S. Korea’s defense chief visits U.S. nuclear sub

SEOUL -- South Korean Defense Minister Song Young-moo on Saturday emphasized the significance of the "regular deployment of U.S. strategic assets" to the peninsula, citing continued North Korean threats.

He made the comments while visiting the Ohio-class guided-missile submarine USS Michigan (SSGN-727), which arrived at the Busan naval port on Friday for a routine tour.

He was accompanied by Rep. Kim Young-woo of the minor opposition Bareun Party, who chairs the parliament's defense committee, and other members of the panel.

"Now is the very time to show the power of close South Korea-U.S. coordination under the circumstances that North Korea's threats go on," Song said, according to his ministry.

He added, "The strengthening of the regular rotational deployment of U.S. strategic assets demonstrate the allies' strong commitment to the defense of the Korean Peninsula."

Song also said the two sides will keep bolstering such "extended deterrence" measures against the North.

The minister and the lawmakers looked around the inside of the submarine and were briefed on its operational capability.

They asked the sailors to maintain a thorough defense posture as the North will likely engage in additional provocations including the test-firing of submarine-launched ballistic missiles.

Song especially gave pep talks to the U.S. sailors for their dedicated service to their ally.

He then headed to the THAAD missile defense base of U.S. Forces Korea (USFK) in Seongju, North Gyeongsang Province, by helicopter.

It marked the first tour of the new USFK base by a South Korean defense minister. South Korean Army Gen. Park Han-ki, who commands the Second Operation Command, and Lt. Gen. Thomas Vandal, the U.S. Eighth Army Commander, also joined the trip.

They inspected the THAAD system, composed of six interceptor rocket launchers, a powerful X-band radar and a fire control and communications unit.

More than 100 local residents and activists held a rally to protest the minister's visit but they did not attempt to block it.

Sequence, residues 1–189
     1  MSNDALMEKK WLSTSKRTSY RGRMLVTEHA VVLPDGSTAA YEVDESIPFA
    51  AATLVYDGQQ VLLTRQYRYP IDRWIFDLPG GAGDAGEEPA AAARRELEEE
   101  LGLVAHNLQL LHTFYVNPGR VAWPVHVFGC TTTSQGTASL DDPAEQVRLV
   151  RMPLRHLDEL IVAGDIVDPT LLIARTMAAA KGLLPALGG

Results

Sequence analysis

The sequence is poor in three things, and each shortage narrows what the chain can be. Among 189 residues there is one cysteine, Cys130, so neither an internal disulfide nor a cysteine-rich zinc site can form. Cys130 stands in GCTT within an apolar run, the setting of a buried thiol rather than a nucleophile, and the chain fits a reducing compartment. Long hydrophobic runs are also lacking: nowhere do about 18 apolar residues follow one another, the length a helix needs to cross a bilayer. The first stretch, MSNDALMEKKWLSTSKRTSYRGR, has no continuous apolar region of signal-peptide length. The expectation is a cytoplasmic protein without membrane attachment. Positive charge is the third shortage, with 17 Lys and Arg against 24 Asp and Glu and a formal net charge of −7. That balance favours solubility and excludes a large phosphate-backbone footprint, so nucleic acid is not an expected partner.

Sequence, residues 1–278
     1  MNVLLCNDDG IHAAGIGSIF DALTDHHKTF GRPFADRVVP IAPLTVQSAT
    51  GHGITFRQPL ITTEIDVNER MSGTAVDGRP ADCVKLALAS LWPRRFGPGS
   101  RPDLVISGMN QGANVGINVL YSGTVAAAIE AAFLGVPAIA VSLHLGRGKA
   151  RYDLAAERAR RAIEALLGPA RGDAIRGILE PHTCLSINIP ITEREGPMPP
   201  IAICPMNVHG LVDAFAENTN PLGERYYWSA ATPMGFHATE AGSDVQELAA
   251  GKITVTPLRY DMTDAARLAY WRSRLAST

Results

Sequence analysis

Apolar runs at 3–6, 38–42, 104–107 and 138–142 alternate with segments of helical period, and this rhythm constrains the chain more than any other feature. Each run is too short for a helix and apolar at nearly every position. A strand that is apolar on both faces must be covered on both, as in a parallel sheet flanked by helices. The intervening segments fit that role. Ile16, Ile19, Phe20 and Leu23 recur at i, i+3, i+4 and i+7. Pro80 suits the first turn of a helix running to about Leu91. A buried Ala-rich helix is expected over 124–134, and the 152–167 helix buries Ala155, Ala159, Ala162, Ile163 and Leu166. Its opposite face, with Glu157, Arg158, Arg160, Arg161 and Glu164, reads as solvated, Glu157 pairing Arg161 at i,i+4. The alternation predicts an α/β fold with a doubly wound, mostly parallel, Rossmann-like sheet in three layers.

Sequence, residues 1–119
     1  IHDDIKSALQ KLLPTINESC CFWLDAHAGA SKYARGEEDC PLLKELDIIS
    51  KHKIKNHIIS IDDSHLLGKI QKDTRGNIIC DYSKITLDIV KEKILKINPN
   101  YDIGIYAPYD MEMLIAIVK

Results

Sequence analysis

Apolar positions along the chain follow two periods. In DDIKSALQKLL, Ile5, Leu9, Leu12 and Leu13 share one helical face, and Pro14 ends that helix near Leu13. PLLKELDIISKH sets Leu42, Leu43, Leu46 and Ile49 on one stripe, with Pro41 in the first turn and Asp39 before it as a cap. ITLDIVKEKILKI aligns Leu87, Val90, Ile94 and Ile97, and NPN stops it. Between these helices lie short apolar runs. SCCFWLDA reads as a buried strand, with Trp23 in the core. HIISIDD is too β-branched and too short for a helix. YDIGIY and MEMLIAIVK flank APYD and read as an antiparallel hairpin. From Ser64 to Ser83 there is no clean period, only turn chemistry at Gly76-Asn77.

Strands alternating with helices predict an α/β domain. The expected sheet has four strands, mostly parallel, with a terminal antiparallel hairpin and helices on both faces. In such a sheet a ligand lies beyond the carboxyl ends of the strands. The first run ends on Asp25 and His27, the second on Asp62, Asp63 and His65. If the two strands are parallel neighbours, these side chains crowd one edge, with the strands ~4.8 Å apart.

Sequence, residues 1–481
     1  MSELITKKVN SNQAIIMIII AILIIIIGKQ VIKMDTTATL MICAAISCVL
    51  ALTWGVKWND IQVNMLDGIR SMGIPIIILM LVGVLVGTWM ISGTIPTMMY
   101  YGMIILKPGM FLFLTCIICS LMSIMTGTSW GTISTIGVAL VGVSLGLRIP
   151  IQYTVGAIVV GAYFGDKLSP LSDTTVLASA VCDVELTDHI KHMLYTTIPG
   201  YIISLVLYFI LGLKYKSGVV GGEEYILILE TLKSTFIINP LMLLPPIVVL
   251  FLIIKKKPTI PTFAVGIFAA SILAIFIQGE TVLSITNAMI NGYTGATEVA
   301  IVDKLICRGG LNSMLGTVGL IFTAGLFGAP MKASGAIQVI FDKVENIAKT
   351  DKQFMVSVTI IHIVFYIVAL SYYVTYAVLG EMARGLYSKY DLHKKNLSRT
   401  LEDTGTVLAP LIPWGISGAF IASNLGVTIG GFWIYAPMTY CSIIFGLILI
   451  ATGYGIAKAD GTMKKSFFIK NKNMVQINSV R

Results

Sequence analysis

The allies agreed to put the THAAD battery into operation amid the North's provocations in spite of strong opposition from residents there and from China. THAAD is an acronym for Terminal High Altitude Area Defense.

Source: Yonhap News Agency

S. Korea’s defense chief visits U.S. nuclear sub

SEOUL -- South Korean Defense Minister Song Young-moo on Saturday emphasized the significance of the "regular deployment of U.S. strategic assets" to the peninsula, citing continued North Korean threats.

He made the comments while visiting the Ohio-class guided-missile submarine USS Michigan (SSGN-727), which arrived at the Busan naval port on Friday for a routine tour.

He was accompanied by Rep. Kim Young-woo of the minor opposition Bareun Party, who chairs the parliament's defense committee, and other members of the panel.

"Now is the very time to show the power of close South Korea-U.S. coordination under the circumstances that North Korea's threats go on," Song said, according to his ministry.

He added, "The strengthening of the regular rotational deployment of U.S. strategic assets demonstrate the allies' strong commitment to the defense of the Korean Peninsula."

Song also said the two sides will keep bolstering such "extended deterrence" measures against the North.

The minister and the lawmakers looked around the inside of the submarine and were briefed on its operational capability.

They asked the sailors to maintain a thorough defense posture as the North will likely engage in additional provocations including the test-firing of submarine-launched ballistic missiles.

Song especially gave pep talks to the U.S. sailors for their dedicated service to their ally.

He then headed to the THAAD missile defense base of U.S. Forces Korea (USFK) in Seongju, North Gyeongsang Province, by helicopter.

It marked the first tour of the new USFK base by a South Korean defense minister. South Korean Army Gen. Park Han-ki, who commands the Second Operation Command, and Lt. Gen. Thomas Vandal, the U.S. Eighth Army Commander, also joined the trip.

They inspected the THAAD system, composed of six interceptor rocket launchers, a powerful X-band radar and a fire control and communications unit.

More than 100 local residents and activists held a rally to protest the minister's visit but they did not attempt to block it.

The allies agreed to put the THAAD battery into operation amid the North's provocations in spite of strong opposition from residents there and from China. THAAD is an acronym for Terminal High Altitude Area Defense.

Source: Yonhap News Agency

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